Friday, April 10, 2015

[Book Review] South Korea's Rise

Uk Heo and Terence Roehrig. 2014. South Korea's Rise: Economic Development, Power, and Foreign Relations. Cambridge: Cambridge University Press.

The argument of the book is simple and straightforward; a country's economic development leads to its wider and more sophisticated foreign relations. Though commonsensible, the causal mechanism built in this thesis has not been much developed so far. Instead, starting from the authors such as Paul Kennedy and A.F.K Organski (or any classical realists of international relations thereof), economic prosperity of a country has long been assumed to somehow nurture its will to use it to further its foreign policy goals. 

Neither was it ever seriously tested. It is the literature of comparative democratization or international conflict where empirical analysis on the effect of economic development is most heavily concentrated (one exception would be Mansfield & Pevehouse 2005).

By theorizing and testing this unexplored terrain at the intersection of comparative politics and international relations, the book makes a significant contribution to our understanding of how a state 'rises'. 

Aside from this rather theoretical contribution, the book has a number of virtues that deserve some highlights. First of all, it is an intense historical narrative utilizing a number of first-hand evidence that the book casts for its methodological approach. Thus,the book provides detailed accounts for many historical junctures of South Korea that often go unexplained in other studies. Probably because of this, even readers who are not necessarily familiar with the historical context of North East Asian international relations can easily grasp what the book offers.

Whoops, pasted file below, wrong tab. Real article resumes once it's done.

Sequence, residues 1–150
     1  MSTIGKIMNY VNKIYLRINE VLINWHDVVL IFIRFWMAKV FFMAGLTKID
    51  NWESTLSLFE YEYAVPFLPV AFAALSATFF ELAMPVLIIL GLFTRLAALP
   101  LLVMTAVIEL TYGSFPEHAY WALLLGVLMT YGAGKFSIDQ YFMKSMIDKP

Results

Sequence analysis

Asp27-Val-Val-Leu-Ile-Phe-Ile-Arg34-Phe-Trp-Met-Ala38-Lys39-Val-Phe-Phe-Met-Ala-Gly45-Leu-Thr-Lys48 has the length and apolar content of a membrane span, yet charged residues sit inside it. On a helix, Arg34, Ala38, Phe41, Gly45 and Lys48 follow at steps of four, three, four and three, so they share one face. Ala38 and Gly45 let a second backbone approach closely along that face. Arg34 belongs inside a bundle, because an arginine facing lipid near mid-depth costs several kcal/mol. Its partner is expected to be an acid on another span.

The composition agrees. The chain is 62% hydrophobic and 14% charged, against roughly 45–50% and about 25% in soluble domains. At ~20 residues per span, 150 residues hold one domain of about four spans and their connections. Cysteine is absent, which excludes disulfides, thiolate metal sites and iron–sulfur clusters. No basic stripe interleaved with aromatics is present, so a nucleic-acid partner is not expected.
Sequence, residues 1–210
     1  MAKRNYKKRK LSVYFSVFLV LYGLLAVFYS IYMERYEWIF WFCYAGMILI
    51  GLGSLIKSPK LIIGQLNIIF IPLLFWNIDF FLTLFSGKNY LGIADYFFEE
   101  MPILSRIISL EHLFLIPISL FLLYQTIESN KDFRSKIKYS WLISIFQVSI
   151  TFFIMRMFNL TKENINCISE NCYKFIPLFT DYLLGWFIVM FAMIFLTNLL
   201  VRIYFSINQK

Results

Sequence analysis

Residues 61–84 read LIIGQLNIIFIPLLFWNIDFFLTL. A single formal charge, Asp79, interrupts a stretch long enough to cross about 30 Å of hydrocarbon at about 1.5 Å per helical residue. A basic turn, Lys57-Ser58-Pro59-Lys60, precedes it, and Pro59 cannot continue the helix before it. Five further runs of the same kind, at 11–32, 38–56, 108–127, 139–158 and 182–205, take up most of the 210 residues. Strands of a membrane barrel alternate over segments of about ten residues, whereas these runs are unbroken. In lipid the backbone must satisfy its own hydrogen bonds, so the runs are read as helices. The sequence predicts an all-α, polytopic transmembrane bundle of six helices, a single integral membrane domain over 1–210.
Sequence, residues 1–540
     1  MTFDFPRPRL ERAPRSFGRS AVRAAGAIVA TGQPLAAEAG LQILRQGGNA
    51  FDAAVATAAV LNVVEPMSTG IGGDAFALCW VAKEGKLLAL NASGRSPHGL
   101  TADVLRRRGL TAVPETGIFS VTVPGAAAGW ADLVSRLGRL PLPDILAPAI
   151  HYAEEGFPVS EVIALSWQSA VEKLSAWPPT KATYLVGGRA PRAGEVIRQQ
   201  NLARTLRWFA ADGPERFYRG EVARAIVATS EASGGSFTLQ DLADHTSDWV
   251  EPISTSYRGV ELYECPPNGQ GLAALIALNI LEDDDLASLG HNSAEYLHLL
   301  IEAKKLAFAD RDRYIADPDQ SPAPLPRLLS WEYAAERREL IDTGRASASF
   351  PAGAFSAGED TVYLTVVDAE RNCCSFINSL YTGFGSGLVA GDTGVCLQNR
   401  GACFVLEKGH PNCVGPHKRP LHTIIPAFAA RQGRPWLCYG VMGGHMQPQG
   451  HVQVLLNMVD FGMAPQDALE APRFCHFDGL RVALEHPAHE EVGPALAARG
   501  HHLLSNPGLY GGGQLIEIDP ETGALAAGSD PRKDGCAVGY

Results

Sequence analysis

Second, the book navigates some of the frontiers of South Korean foreign relations that are not really discussed in detail in the existing literature. Personally, I had little to no knowledge how the economic tie between South Korea and India has been established (or no-so-much established depending on perspectives) before reading this book.

Third, it employs easy proses. It is often frustrating for those who teach social science classes that many of the books assigned often appear to be simply un-readable (I mean they are important reads, but accessibility these days is an important issue in American higher education).

All in all, this is not only an easily recommendable book to a wide range of audience; but also a must-read for more seriously-engaging scholars.

Link to my Goodreads review on this book
Link to the publisher's page